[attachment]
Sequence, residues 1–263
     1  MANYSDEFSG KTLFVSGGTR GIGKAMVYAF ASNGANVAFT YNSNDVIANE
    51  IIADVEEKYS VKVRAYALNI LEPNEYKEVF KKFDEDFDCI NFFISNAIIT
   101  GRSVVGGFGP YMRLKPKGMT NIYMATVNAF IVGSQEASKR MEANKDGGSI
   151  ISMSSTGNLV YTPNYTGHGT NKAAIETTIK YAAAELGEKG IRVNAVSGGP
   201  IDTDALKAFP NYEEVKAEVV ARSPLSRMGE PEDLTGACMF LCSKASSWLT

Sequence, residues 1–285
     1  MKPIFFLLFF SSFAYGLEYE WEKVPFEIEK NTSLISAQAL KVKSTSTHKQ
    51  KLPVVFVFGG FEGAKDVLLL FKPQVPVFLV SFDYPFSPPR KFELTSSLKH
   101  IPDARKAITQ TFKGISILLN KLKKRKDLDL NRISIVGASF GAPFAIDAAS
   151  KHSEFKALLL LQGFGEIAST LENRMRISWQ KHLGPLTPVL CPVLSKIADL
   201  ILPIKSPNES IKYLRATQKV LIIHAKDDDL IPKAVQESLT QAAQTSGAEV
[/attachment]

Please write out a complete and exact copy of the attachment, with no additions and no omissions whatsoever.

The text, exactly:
Sequence, residues 1–263
     1  MANYSDEFSG KTLFVSGGTR GIGKAMVYAF ASNGANVAFT YNSNDVIANE
    51  IIADVEEKYS VKVRAYALNI LEPNEYKEVF KKFDEDFDCI NFFISNAIIT
   101  GRSVVGGFGP YMRLKPKGMT NIYMATVNAF IVGSQEASKR MEANKDGGSI
   151  ISMSSTGNLV YTPNYTGHGT NKAAIETTIK YAAAELGEKG IRVNAVSGGP
   201  IDTDALKAFP NYEEVKAEVV ARSPLSRMGE PEDLTGACMF LCSKASSWLT

Sequence, residues 1–285
     1  MKPIFFLLFF SSFAYGLEYE WEKVPFEIEK NTSLISAQAL KVKSTSTHKQ
    51  KLPVVFVFGG FEGAKDVLLL FKPQVPVFLV SFDYPFSPPR KFELTSSLKH
   101  IPDARKAITQ TFKGISILLN KLKKRKDLDL NRISIVGASF GAPFAIDAAS
   151  KHSEFKALLL LQGFGEIAST LENRMRISWQ KHLGPLTPVL CPVLSKIADL
   201  ILPIKSPNES IKYLRATQKV LIIHAKDDDL IPKAVQESLT QAAQTSGAEV